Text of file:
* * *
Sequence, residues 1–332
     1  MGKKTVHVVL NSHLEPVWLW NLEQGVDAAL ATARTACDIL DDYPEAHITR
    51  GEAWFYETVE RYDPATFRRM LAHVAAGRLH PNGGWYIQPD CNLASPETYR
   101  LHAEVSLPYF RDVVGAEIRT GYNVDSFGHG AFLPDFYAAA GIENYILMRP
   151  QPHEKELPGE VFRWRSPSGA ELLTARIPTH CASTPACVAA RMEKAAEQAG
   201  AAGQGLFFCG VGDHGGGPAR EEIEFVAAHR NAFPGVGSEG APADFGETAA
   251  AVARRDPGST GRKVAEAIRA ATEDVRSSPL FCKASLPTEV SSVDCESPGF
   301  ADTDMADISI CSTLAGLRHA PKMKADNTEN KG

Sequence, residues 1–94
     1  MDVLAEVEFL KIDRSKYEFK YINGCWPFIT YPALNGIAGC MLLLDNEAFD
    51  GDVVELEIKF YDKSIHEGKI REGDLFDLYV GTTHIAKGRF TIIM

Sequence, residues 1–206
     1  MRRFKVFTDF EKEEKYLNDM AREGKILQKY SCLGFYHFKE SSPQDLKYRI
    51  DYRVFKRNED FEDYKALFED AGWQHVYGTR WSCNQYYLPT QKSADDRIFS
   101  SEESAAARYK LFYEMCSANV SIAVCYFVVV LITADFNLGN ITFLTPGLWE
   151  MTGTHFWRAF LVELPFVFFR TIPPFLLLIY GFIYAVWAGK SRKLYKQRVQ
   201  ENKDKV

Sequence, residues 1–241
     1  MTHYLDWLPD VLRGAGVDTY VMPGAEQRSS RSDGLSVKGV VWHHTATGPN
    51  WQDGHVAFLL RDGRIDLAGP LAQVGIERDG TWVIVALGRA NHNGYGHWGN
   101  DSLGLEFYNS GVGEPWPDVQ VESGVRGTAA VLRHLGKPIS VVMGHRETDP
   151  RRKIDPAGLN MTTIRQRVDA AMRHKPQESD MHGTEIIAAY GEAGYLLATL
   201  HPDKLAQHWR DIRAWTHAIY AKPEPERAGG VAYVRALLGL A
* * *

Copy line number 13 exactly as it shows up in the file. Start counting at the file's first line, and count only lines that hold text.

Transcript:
     1  MRRFKVFTDF EKEEKYLNDM AREGKILQKY SCLGFYHFKE SSPQDLKYRI